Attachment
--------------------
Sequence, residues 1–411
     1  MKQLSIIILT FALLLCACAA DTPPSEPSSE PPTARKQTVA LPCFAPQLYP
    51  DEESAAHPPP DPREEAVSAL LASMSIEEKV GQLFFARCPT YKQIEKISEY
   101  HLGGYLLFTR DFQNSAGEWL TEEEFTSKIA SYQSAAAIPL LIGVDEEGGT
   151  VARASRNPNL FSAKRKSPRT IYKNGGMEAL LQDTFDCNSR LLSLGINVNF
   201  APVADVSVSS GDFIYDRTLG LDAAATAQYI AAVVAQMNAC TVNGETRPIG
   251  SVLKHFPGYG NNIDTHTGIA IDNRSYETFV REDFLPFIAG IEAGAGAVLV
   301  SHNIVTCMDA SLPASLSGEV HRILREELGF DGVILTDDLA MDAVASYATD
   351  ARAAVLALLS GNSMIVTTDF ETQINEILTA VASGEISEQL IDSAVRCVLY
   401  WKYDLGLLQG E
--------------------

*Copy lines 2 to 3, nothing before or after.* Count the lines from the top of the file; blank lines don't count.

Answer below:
     1  MKQLSIIILT FALLLCACAA DTPPSEPSSE PPTARKQTVA LPCFAPQLYP
    51  DEESAAHPPP DPREEAVSAL LASMSIEEKV GQLFFARCPT YKQIEKISEY